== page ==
At the Alisal, I told myself, this Annie would finally get her gun.
Countless dude ranches across the country give guests the chance to don Stetsons and step back in time to the Old West. But at the Alisal's four-day all-inclusive Cowgirl Boot Camp, that break from modernity doesn't mean you have to forego the creature comforts of stellar cuisine and comfortable bedding; but here, unlike some other well-known "ranches," the emphasis is on adventure, not facial peels, and this break from vanity -- and menfolk -- is like a return to the sleepaway camps of our youth: Only this time, "bug juice" wears the labels of Petron, Don Julio and other fine tequilas, and most of us happily greet a 10 o'clock "lights out" plum tuckered from a full day's itinerary on horseback, despite the fact there are no curfews.
The challenges of life in the Old West are distilled to an introductory level of horsemanship and herding, their focus on accomplishment is tempered by a sense of fun and camaraderie, all for $2,250 and a chance to leave the boys behind and indulge in a Western utopia that includes fireside massages and the reserves of some 60 fertile vineyards in the nearby Santa Barbara wine region.
For more than 60 years, this working cattle ranch, owned by the Jackson family, has been hosting guests like John Travolta, Barbra Streisand and Michelle Pfeiffer (who preceded my visit by a week). They vacation here, where Mother Earth meets two championship, 18-hole golf courses, a tennis complex, fishing and boating on a private 100-acre lake, for the tranquility of unspoiled horizons that surround the Alisal Ranch.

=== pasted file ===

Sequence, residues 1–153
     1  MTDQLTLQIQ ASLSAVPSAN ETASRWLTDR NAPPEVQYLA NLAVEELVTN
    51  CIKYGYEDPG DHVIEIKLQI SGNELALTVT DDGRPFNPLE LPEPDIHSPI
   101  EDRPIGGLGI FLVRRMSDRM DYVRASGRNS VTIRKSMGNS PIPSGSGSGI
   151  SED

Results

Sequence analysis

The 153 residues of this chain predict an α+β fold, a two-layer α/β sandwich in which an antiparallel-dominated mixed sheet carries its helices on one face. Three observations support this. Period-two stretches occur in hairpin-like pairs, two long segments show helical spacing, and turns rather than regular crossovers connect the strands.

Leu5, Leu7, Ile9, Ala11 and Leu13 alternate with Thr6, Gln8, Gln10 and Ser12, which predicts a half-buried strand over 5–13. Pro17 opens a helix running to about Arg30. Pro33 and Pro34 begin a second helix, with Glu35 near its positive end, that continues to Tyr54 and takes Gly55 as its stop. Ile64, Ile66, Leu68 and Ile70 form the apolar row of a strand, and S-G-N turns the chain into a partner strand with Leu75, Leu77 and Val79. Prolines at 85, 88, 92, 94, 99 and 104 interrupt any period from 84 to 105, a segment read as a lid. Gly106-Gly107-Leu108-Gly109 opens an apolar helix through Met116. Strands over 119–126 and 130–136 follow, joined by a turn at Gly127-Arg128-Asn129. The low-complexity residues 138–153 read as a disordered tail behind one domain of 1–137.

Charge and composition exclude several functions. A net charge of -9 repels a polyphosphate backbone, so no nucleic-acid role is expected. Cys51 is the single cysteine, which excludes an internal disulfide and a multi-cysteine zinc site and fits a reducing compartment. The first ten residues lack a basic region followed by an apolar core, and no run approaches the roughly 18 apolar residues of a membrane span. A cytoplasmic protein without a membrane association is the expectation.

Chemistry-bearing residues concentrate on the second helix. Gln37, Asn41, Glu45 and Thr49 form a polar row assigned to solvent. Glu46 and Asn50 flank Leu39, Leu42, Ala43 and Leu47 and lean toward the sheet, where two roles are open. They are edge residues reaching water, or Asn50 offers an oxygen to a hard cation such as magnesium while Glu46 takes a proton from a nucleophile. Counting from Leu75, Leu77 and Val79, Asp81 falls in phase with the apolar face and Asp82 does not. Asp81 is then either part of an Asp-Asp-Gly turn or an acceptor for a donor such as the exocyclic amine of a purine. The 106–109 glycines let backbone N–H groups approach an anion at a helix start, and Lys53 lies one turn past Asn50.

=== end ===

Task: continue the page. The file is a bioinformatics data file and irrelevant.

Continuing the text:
My complimentary straw hat, which greeted me along with a gift basket of lotions and healthful snacks when I arrived at my converted cattleman's cottage, crowns my head.
Even with the costume, I'm no Calamity Jane, but nor are the other cowgirl wannabes: the Richmond Hill gang, four happy housewives from Orange County, who love horses; or the assortment of other women, who treat this weekend as an annual escape. Most are in their 40s and 50s, rediscovering the joys of hitting the road with just the girls, back to a time when careers, marriages and children, and the workaday demands that find many of us juggling all three, corralled the kind of freedom the open spaces of the West still represent. As if Thelma and Louise died for our salvation.
Between wine tastings with local vintners, grilling lessons with executive chef Pascal Gode -- a Gallic version of the corpulent Hoss Cartwright, a TV character from "Bonanza," another of my favorite childhood cowboy programs -- and endless miles of riding, I have challenged the idea that a city gal loses some of her moxie when taken out of her urban habitat. This is the kind of life I could get used to.
I'm certain that lessons in fly-fishing will find me a quicker study than our wrangler's riding class. After demonstrating the colorful array of lures we fasten to our lines before pitching them wide, our handsome fly instructor reaches back and gently throws his own rod and line toward the lake, assuring us that the bass and bluegill in the Alisal's waters are ripe for the catch.
I'm rather pleased with my aim but the rules are clear: Alisal Lake is a catch-and-release protected area.